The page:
More information

Solutions to Homework 6 Mathematics 503 Foundations of Mathematics Spring 2014

Solutions to Homework 6 Mathematics 503 Foundations of Mathematics Spring 2014 Solutions to Homework 6 Mathematics 503 Foundations of Mathematics Spring 2014 3.4: 1. If m is any integer, then m(m + 1) = m 2 + m is the product of m and its successor. That it to say, m 2 + m is the

More information

CmSc 175 Discrete Mathematics Lesson 10: SETS A B, A B

CmSc 175 Discrete Mathematics Lesson 10: SETS A B, A B CmSc 175 Discrete Mathematics Lesson 10: SETS Sets: finite, infinite, : empty set, U : universal set Describing a set: Enumeration = {a, b, c} Predicates = {x P(x)} Recursive definition, e.g. sequences

More information

If n is odd, then 3n + 7 is even.

If n is odd, then 3n + 7 is even. Proof: Proof: We suppose... that 3n + 7 is even. that 3n + 7 is even. Since n is odd, there exists an integer k so that n = 2k + 1. that 3n + 7 is even. Since n is odd, there exists an integer k so that

More information

Overview. Essential Questions. Precalculus, Quarter 4, Unit 4.5 Build Arithmetic and Geometric Sequences and Series

Overview. Essential Questions. Precalculus, Quarter 4, Unit 4.5 Build Arithmetic and Geometric Sequences and Series Sequences and Series Overview Number of instruction days: 4 6 (1 day = 53 minutes) Content to Be Learned Write arithmetic and geometric sequences both recursively and with an explicit formula, use them

More information

Course Notes for Math 162: Mathematical Statistics Approximation Methods in Statistics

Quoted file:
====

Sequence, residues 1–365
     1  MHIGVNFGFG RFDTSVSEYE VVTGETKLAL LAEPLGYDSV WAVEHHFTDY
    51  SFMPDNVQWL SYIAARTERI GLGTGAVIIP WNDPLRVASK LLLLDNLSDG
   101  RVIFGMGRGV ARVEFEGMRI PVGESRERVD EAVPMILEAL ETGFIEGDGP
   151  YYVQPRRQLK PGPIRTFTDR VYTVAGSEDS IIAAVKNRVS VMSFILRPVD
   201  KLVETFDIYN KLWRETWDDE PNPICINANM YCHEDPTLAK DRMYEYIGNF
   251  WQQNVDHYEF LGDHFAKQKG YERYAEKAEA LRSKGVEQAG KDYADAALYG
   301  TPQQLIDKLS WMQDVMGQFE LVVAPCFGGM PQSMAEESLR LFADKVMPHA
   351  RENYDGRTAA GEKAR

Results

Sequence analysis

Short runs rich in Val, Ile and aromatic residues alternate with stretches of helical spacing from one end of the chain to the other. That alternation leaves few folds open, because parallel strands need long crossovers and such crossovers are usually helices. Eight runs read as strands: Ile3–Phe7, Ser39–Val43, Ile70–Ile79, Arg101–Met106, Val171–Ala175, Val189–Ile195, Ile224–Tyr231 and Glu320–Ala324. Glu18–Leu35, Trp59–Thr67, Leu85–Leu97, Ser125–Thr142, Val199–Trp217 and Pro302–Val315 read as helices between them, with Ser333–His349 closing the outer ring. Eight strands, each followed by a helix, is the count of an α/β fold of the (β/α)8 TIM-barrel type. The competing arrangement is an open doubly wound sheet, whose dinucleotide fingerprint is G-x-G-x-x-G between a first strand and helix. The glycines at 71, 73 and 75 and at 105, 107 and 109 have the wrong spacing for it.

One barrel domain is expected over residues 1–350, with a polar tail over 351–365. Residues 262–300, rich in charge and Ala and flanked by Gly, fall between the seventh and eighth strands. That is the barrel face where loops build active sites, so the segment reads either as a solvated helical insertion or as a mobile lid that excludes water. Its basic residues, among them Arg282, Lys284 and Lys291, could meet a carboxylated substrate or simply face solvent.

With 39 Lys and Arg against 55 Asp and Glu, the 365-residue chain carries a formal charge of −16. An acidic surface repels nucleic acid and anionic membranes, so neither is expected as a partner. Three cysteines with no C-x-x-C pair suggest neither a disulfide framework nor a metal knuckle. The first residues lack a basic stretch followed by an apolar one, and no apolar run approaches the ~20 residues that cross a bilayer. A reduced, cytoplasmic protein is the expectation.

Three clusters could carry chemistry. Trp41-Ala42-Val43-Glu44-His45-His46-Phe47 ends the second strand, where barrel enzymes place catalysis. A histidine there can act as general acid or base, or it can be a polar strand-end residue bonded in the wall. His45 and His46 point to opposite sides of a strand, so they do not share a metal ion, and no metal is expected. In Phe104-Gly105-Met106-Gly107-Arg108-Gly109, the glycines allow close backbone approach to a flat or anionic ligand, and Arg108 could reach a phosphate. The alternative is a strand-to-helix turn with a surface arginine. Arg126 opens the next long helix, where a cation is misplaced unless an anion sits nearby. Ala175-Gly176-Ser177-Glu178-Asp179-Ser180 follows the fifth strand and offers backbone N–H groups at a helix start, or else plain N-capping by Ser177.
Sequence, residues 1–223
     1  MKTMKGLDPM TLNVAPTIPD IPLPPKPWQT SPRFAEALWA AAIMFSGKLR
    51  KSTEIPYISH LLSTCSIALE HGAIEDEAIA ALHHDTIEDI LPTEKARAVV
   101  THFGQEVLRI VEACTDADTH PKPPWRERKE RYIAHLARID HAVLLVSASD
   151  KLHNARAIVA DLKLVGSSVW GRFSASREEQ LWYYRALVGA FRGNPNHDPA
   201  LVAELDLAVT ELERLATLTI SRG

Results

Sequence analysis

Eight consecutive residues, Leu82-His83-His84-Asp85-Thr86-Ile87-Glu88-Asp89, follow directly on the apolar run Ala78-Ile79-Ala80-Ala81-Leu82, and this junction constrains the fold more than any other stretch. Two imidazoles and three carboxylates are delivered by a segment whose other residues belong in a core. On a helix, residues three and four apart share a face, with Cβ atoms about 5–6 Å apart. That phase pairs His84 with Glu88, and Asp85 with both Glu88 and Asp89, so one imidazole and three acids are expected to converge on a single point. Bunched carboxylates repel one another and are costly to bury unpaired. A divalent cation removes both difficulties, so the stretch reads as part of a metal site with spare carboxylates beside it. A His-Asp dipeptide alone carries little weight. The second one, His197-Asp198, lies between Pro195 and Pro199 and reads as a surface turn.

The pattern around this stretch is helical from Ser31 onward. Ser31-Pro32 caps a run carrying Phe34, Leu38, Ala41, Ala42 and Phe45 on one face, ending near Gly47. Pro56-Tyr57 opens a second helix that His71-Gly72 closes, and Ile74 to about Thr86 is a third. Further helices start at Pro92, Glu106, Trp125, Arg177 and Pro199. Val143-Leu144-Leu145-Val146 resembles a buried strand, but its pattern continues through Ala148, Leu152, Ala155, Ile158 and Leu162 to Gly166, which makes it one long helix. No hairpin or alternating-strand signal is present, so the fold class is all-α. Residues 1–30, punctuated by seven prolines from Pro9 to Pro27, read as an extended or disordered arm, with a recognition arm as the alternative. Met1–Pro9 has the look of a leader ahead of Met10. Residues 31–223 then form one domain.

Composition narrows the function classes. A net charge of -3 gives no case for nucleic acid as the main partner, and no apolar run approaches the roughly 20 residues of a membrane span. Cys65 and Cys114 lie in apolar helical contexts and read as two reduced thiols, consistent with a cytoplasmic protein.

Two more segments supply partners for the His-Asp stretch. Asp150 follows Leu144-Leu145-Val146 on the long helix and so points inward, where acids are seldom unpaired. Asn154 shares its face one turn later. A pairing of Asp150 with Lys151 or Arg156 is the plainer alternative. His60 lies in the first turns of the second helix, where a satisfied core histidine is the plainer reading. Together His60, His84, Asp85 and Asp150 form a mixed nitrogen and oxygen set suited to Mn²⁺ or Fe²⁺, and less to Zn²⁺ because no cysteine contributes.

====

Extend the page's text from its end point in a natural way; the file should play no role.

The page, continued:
Course Notes for Math 162: Mathematical Statistics Approximation Methods in Statistics Course Notes for Math 16: Mathematical Statistics Approximation Methods in Statistics Adam Merberg and Steven J. Miller August 18, 6 Abstract We introduce some of the approximation methods commonly used

More information

Assignment 5 - Due Friday March 6

Assignment 5 - Due Friday March 6 Assignment 5 - Due Friday March 6 (1) Discovering Fibonacci Relationships By experimenting with numerous examples in search of a pattern, determine a simple formula for (F n+1 ) 2 + (F n ) 2 that is, a

More information

Recursion Theory in Set Theory

Recursion Theory in Set Theory Contemporary Mathematics Recursion Theory in Set Theory Theodore A. Slaman 1. Introduction Our goal is to convince the reader that recursion theoretic knowledge and experience can be successfully applied

More information

Proseminar on Semantic Theory Fall 2013 Ling 720. Problem Set on the Formal Preliminaries : Answers and Notes

Proseminar on Semantic Theory Fall 2013 Ling 720. Problem Set on the Formal Preliminaries : Answers and Notes 1. Notes on the Answers Problem Set on the Formal Preliminaries : Answers and Notes In the pages that follow, I have copied some illustrative answers from the problem sets submitted to me. In this section,

More information

4.1. Definitions. A set may be viewed as any well defined collection of objects, called elements or members of the set.